Why An Artist Raising Their Prices Is A GOOD Thing For Collectors

Why An Artist Raising Their Prices Is A GOOD Thing For Collectors

If you've followed the career of any artist, you've likely noticed their prices change over the years. You may have wondered about how and why an artist decides on these increases - or maybe you've been saving up to collect a piece, only to see prices change. Let me tell you why an artist raising their prices is a good thing for collectors.

An artist may decide to raise their prices for several reasons; the changing economy, increasing cost of supplies and shipping, and other economic factors. But the most important reason an artist will increase their prices is to keep up with the market demand for their work. Here's an explanation of what that scenario looks like: 

If I am an artist (which I am), who is about to raise their prices again (which I am as of writing this), this is a good thing for my collectors, and something to be celebrated - for a couple of reasons.

Are you already a collector?

If you already own a piece of my work, me raising my prices to keep up with the demand for my work means the work that you already own is increasing in value. Which is a good investment because it means that you can theoretically sell your work on the secondary market for more than the original purchase price.

Have you been planning to purchase my work?

If you haven’t purchased work from me yet, or if you plan to collect more work, a price increase may initially be disheartening if you've been saving up to make the purchase. BUT the fact that I am raising my prices to keep up with demand for my work is a good indicator that I am a healthy and stable career artist, and my work is worth investing in.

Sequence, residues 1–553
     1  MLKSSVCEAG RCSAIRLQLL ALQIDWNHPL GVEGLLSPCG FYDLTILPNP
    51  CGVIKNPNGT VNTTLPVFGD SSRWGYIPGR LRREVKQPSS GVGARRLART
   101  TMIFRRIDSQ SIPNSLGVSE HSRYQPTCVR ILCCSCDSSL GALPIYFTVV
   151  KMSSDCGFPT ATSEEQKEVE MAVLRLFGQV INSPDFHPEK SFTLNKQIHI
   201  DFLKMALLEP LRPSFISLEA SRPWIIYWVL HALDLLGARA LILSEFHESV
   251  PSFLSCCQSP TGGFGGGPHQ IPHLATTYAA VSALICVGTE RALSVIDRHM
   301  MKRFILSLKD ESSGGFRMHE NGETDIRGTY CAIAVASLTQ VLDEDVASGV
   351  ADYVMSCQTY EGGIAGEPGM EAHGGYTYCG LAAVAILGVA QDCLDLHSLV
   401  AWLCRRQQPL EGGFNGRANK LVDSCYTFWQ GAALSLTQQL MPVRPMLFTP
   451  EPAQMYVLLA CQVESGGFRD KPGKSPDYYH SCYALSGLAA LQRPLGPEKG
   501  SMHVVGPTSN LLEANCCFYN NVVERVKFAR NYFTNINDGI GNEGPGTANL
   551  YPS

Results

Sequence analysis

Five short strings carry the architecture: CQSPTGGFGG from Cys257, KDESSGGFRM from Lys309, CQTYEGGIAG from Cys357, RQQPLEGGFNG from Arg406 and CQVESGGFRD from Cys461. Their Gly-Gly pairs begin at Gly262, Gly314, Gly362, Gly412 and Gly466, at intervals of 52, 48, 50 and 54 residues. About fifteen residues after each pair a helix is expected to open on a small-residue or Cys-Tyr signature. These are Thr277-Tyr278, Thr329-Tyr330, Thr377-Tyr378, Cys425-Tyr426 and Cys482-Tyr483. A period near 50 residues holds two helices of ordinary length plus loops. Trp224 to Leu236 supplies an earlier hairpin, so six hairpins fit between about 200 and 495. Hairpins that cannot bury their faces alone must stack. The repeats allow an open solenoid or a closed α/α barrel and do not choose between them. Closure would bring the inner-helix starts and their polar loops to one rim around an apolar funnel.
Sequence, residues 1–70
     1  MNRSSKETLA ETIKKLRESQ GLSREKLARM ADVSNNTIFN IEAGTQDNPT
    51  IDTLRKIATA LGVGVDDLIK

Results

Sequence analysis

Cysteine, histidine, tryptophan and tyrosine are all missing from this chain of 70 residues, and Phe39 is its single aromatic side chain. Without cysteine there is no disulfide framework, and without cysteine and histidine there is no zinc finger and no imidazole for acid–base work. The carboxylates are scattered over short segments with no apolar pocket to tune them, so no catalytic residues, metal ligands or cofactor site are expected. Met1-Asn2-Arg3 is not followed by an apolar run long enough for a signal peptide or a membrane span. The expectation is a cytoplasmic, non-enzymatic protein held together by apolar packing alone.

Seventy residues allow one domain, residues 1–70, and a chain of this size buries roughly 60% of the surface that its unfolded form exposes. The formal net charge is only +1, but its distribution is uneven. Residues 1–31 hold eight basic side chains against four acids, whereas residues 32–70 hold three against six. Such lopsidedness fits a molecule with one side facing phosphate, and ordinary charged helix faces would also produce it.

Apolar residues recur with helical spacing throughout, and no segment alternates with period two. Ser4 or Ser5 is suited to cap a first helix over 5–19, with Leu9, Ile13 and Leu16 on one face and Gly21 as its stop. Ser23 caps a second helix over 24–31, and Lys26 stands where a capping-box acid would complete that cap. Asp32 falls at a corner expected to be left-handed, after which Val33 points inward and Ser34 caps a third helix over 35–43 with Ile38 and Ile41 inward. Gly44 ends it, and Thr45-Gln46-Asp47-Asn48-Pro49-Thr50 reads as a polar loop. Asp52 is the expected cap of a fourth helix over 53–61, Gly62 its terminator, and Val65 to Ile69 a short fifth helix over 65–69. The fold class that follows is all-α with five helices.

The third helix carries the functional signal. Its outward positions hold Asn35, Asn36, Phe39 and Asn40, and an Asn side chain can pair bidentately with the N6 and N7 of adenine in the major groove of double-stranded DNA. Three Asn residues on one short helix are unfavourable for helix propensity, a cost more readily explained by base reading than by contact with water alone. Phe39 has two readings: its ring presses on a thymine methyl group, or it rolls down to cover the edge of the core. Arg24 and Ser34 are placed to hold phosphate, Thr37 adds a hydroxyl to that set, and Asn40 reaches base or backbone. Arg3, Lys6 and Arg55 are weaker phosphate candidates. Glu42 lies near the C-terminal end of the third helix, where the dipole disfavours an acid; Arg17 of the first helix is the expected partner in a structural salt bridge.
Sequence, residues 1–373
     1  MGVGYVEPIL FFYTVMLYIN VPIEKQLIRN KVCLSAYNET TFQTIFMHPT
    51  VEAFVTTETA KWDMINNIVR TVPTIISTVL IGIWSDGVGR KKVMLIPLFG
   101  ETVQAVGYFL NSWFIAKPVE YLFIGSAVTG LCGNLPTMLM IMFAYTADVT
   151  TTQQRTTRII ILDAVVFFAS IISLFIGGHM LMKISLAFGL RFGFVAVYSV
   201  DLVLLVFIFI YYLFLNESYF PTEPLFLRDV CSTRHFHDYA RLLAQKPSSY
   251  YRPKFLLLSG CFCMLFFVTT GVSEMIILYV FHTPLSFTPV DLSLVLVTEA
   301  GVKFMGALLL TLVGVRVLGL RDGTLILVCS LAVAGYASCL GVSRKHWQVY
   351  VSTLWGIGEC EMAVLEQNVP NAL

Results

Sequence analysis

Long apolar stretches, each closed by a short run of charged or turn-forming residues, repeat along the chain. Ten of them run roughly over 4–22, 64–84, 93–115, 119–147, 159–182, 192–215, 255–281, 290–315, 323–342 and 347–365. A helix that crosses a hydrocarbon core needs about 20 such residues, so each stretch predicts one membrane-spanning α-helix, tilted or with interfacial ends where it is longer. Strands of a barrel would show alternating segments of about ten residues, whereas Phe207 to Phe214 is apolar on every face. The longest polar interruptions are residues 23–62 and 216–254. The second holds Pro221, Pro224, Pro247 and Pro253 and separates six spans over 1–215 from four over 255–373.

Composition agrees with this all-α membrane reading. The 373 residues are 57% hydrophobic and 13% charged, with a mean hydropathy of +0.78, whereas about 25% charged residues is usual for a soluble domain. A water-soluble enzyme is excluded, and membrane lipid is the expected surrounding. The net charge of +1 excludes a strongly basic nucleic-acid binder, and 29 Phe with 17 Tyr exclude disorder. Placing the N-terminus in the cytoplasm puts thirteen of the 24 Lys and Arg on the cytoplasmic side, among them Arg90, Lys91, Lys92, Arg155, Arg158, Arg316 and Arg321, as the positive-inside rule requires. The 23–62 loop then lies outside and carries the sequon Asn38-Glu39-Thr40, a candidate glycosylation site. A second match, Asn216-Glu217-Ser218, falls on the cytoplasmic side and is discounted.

The market is self-stabilizing

Now, you might get a little sus and say to yourself "What's to prevent an artist from over-inflating their prices?"

Well, the price of art is sort of a self-stabilizing thing. If an artist's prices are too low, they’re going to sell work too quickly and they won't be able to keep up with demand in terms of supplies and time to create enough work. And at the opposite end of the spectrum, if an artist prices their work too high they’re going to price themselves above the comfort level of their market, and therefore they won't achieve consistent sales to support their price.

A good thing all-around

Overall, a raise in prices is a good thing for everyone. It means artists are doing well, and their current and future collectors are making a good investment in purchasing their work.

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